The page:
Human Resources Legislative Update

CRTC Publishes Guidance on Indirect Contraventions of Canada’s Anti-Spam Law

Human Resources Legislative Update

CRTC Publishes Guidance on Indirect Contraventions of Canada’s Anti-Spam Law

Date: November 15, 2018

On November 5, 2018, the CRTC published its Compliance and Enforcement Information Bulletin CRTC 2018-415 (Bulletin), which is a guideline regarding the prohibition against facilitating spam under Canada’s Anti-Spam Law (CASL).

Section 9 of CASL imposes prohibitions and penalties for activities that facilitate the contravention of the anti-spam provisions in sections 6-8. The non-facilitation prohibition is broad, making it an offence to “aid, induce, procure or cause to be procured the doing of any act contrary to any of sections 6 to 8.”

The prohibitions at sections 6-8 make the following offences under CASL:

  • sending, causing, or permitting to be sent, commercial electronic messages without express or implied consent;
  • altering, or causing to be altered, transmission data in electronic messages (phishing and redirection), in the course of a commercial activity, without express consent; and
  • installing, or causing to be installed, a computer program on another person’s computer in the course of a commercial activity without express consent.

Who risks contravening section 9?

Any individual or organization could be liable for contravening section 9 by providing services (technical or otherwise) that enable or contribute to the prohibited actions listed above. Other relationships between organizations that relate to, or enable, electronic messages may also raise the possibility of liability under section 9, though the Bulletin focuses on service provider liability.

The CRTC will assess possible section 9 violations by considering the level of control over and degree of connection to the activity that violates sections 6-8, as well as reasonable preventative steps taken to prevent it.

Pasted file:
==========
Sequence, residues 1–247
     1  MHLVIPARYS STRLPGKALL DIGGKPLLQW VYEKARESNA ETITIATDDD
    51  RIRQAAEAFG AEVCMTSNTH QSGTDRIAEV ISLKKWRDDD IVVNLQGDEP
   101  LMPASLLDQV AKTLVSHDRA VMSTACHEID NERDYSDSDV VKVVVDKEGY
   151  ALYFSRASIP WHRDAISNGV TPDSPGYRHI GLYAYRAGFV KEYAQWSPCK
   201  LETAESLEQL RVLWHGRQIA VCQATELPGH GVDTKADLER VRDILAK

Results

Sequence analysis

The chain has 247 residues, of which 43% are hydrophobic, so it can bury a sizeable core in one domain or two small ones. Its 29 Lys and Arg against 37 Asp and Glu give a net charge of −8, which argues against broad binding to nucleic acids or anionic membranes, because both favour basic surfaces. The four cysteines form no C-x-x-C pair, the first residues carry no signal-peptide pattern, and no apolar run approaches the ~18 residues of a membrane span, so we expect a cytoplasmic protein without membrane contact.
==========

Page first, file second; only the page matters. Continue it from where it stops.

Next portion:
In the Bulletin, the CRTC lists the following intermediaries as parties engaged in activities that risk non-compliance with section 9:

  • Advertising brokers
  • Electronic marketers
  • Software and application developers
  • Software and application distributors
  • Telecommunications and Internet service providers
  • Payment processing system operators

How to mitigate a section 9 violation

An individual or organization will not be found liable for a contravention of the non-facilitation provision if they exercised due diligence to prevent the violation. The most effective way to establish the due diligence defence is to adopt measures that specifically identify and address non-compliance risks. The CRTC advises that the following as categories of reasonable measures address non-compliance risks:

  • Prevention;
  • Detection, notification and information sharing;
  • Remediation and recovery; and
  • Documentation.

Penalty for contravention

The CRTC can impose a range of enforcement measures for a contravention of section 9, with a maximum possible financial penalty of $1,000,000 for an individual and $10,000,000 for an organization. The following factors are assessed to determine the appropriate enforcement measure:

  • the likely effect on compliance;
  • the nature and scope of the violation;
  • the degree of harm associated with the violation;
  • the level of co-operation by the alleged violator; and
  • the history of prior violations.


Organizations engaged in activities that could contravene the section 9 non-facilitation provision should review their practices against the anti-spam rules. If you would like our assistance with this, please contact a member of our Information, Data Security and Privacy Practice Group.